جهت دسترسی به کاربرگه ی زیر، از این لینک استفاده کنید. http://192.168.1.35:80/jspui/handle/Hannan/2940
Title: Exploring the Impact of Language Services on Utilization and Clinical Outcomes for Diabetics
Authors: Trebino, Lisa;Hacker, Karen Ann;Hicks, LeRoi S.;Friedman, Elisa;Blanchfield, Bonnie B.;Gazelle, Guy Scott;Choi, Yoon Susan
Keywords: Medicine
Clinical Research Design
Cohort Studies
Observational Studies
Retrospective Studies
Non-Clinical Medicine
Health Care Policy
Ethnic Differences
Geographic and National Differences
Health Education and Awareness
Health Statistics
Health Systems Strengthening
Quality of Care
Health Care Quality
Health Services Research
Medical Communication
Patient Advocacy
Socioeconomic Aspects of Health
Primary Care
Public Health
Behavioral and Social Aspects of Health
Preventive Medicine
Issue Date: 2012
Publisher: Public Library of Science
Description: Background: Significant health disparities exist between limited English proficient and English-proficient patients. Little is known about the impact of language services on chronic disease outcomes such as for diabetes. Methods/Principal Findings: To determine whether the amount and type of language services received during primary care visits had an impact on diabetes-related outcomes (hospitalization, emergency room utilization, glycemic control) in limited English proficient patients, a retrospective cohort design was utilized. Hospital and medical record data was examined for 1425 limited English proficient patients in the Cambridge Health Alliance diabetes registry. We categorized patients receiving usual care into 7 groups based on the amount and combination of language services (language concordant providers, formal interpretation and nothing) received at primary care visits during a 9 month period. Bivariate analyses and multiple logistic regression were used to determine relationships between language service categories and outcomes in the subsequent 6 months. Thirty-one percent of patients (445) had no documentation of interpreter use or seeing a language concordant provider in any visits. Patients who received 100% of their primary care visits with language concordant providers were least likely to have diabetes-related emergency department visits compared to other groups (p<0001) in the following 6 months. Patients with higher numbers of co-morbidities were more likely to receive formal interpretation. Conclusions/Significance: Language concordant providers may help reduce health care utilization for limited English proficient patients with diabetes. However, given the lack of such providers in sufficient numbers to meet patients' communication needs, strategies are needed to both increase their numbers and ensure that the highest risk patients receive the most appropriate language services. In addition, systems serving diverse populations must clarify why some limited English proficient patients do not receive language services at some or all of their visits and whether this has an impact on quality of care.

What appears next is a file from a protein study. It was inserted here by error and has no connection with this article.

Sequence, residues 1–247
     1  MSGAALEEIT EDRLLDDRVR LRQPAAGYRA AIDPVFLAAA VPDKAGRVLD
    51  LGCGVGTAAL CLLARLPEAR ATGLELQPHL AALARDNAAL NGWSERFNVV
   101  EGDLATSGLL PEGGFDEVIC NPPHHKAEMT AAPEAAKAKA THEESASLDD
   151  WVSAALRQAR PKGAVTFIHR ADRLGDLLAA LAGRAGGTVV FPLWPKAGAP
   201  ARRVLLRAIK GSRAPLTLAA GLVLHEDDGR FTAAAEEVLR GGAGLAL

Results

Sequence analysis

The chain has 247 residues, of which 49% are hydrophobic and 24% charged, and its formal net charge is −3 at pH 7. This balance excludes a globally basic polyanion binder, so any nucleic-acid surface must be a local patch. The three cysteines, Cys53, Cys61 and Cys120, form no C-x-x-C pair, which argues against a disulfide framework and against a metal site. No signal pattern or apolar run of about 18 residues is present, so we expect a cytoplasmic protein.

URI: http://192.168.1.35:80/jspui/handle/Hannan/2940
Other Identifiers: Hacker, Karen, Yoon Susan Choi, Lisa Trebino, LeRoi Hicks, Elisa Friedman, Bonnie Blanchfield, and G. Scott Gazelle. 2012. Exploring the impact of language services on utilization and clinical outcomes for diabetics. PLoS ONE 7(6): e38507.
1932-6203
http://nrs.harvard.edu/urn-3:HUL.InstRepos:10417538
Type Of Material: Journal Article
Appears in Collections:Harvard Medical School

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